Well, as an approximate lower bound you can use the listed amp-hours of capacity and the battery chemistry to determine how many atoms of silver would be needed. To produce one amp-hour requires 3,600 Coulombs of charge. In silver-zinc batteries, each atom of silver is reduced twice, giving off two electrons.
A single electron has a charge of 1.602×10−19 Coulombs, so you would need (1/2) / 1.602×10−19 = 3.12x1018 silver atoms, or 3.12x1018 / 6.022x1023 = 5.18x10-6 moles of silver per Coulomb.
Multiplying this by the 3,600 Coulombs needed for one amp-hour, we get a minimum of 0.019 moles of silver per amp-hour. However, one cell of silver only produces ~1.55 volts, so the real battery has 20 cells. Therefore, we need 0.373 moles per full amp-hour. As silver weighs 107.87 g/mol, this would weigh 40.2g.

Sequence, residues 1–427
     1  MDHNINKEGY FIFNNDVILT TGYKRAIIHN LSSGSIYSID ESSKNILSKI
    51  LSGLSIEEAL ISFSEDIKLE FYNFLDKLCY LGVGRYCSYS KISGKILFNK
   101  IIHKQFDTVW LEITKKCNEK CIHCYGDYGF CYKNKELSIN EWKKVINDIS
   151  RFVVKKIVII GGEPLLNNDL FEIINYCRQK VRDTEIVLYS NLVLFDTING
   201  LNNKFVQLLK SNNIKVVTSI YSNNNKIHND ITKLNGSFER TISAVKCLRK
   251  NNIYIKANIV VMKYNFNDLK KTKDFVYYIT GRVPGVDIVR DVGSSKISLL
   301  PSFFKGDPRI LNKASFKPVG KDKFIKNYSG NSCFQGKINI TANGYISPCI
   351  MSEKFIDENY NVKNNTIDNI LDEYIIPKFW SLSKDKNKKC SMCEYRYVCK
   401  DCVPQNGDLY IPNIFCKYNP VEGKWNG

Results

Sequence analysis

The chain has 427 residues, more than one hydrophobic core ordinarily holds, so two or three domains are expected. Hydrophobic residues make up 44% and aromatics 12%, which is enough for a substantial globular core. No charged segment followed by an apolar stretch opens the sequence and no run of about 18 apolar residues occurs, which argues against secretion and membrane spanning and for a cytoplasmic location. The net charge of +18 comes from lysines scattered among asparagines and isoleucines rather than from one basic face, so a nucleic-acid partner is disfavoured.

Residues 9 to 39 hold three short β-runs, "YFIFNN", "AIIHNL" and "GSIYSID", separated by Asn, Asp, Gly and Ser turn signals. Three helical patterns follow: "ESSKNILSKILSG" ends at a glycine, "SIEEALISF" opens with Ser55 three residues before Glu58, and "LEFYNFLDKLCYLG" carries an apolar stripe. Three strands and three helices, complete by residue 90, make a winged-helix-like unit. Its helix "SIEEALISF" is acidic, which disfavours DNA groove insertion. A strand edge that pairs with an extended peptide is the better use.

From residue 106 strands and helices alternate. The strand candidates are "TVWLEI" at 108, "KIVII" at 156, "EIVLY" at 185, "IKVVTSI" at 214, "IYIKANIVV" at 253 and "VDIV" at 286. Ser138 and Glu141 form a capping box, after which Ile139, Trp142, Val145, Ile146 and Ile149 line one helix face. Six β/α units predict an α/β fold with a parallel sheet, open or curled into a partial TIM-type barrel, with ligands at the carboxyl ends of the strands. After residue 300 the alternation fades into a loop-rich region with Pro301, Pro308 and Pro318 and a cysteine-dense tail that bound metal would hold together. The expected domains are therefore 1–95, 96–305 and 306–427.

Finally, we can calculate the minimum silver for each type of battery:
LM Descent: 400 Ah x 4.5 batteries = 72.5kg of silver (out of 270kg total)
LM Ascent: 296 Ah x 2 batteries = 23.8kg of silver (out of 112kg total)
CSM: Returned to Earth.
Having 20-30% of the batteries be silver makes sense, as there was also roughly the same amount of zinc in the batteries, as well as electrolyte and a casing.
The descent stages obviously stayed on the Moon, and there were 6 of them: 72.5kg x 6 = 435kg.
The 6 ascent stages (which impacted the Moon after ascent): 23.8 x 6 = 143kg.
Also, although they were not included in your question, the lunar rovers used silver-zinc batteries of 23 cells each, and the batteries of the 3 lunar rovers, at 242 amp-hours each, would add 34kg of silver total.
Total: 612kg of silver, worth ~300,000 USD today. Of course, "Moon silver" would probably fetch a higher price.